Azerbaijan has more exposure to the Turkish banking sector than other Caucasian and Central Asian states. The lira crisis is likely to have a particularly strong impact on Turkey’s banks, given their propensity for taking loans in dollars and euros. The Turkish subsidiary of Azerbaijan's Pasha Bank, long tied to Azerbaijan's ruling Aliyev family, issued $25 million in new bonds just this June.
One country in a rather unique position is Turkmenistan, as the sole remaining Eurasian state that refuses to lift its dollar peg. The official 3.51 Turkmen manat to-the-dollar rate is far below black-market price for the currency and further maintaining the peg will all but eradicate any regional competitiveness.
Turkmenistan may be particularly affected, however, by the lira’s weakness given there is every reason to believe Turkey has become a reliable source of remittances. Reliable figures are all-but-impossible to come by, but as Turkmenistan’s economy tanks, Turkey serves as a natural destination for laborers and small-time shuttle traders. The erosion of the lira’s value will cause the value of remittances to fall drastically so long as Ashgabat refuses to budge on its own currency.
The negative effect on remittances is being felt in other places too. Studies of migration patterns have documented how Turkey is a particularly tempting destination for Azerbaijanis. Turkey’s role in Georgia’s remittances flow has been growing sizably in recent years as well.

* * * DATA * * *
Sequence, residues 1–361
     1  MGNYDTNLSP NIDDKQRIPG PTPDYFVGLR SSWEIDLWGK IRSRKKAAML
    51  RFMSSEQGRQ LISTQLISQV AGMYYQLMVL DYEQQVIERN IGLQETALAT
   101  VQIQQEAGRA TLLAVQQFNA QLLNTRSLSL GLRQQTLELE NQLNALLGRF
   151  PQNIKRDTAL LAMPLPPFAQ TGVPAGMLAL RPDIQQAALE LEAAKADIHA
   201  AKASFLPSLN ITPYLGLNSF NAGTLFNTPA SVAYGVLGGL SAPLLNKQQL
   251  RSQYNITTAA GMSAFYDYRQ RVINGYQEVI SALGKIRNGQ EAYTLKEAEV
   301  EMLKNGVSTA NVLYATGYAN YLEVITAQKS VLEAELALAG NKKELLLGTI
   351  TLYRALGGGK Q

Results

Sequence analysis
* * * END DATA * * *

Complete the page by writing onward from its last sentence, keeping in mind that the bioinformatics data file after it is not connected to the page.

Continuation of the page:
Uzbekistan, Tajikistan, Kazakhstan and Kyrgyzstan are likely to be less impacted, comparatively speaking, although the lack of hard data makes this difficult to assess.
Armenia is the most insulated from trade and remittance impacts related to the lira’s fall. The lack of formal relations between Ankara and Yerevan have long hindered cross-border investment. Less than 0.1 percent of remittances come from Turkey.
Armenia is not wholly insulated from the lira’s woes, however. With the ever-worsening fall-out in relations between Turkey and the United States, there are some who believe Ankara could make a turn to Russia. Turkey’s refusal to countenance U.S. calls for a reconsideration of plans to purchase Russia’s S-400 missile system have recently led to questions about whether Turkey could leave NATO altogether. These are all troubling developments for Yerevan, which implicitly relies for its security guarantees on Russia through its Collective Security Treaty Organization obligations.
The story of the lira is as much about politics as economics.
"The situation with the lira in Turkey cannot be viewed in isolation from the political context in the country, region and world as a whole,” Almaty-based economist Denis Krivosheyev told Eurasianet. “Investors are withdrawing money from the country believing, not without reason, that a dictatorship is coming, in which a free market is impossible."
As to whether it would lead to a wholesale geopolitical shift for Eurasia, Krivosheyev said “Erdoğan’s threats to create a united front against the dollar should not be taken seriously.”
“To believe Russia will join Turkey in this matter is ill-advised.” After all, Krivosheyev continued, “the elites keep their money in dollars, as always.”
Maximilian Hess is a London-based political risk analyst and writer.
Maximilian Hess is a London-based political risk analyst and writer.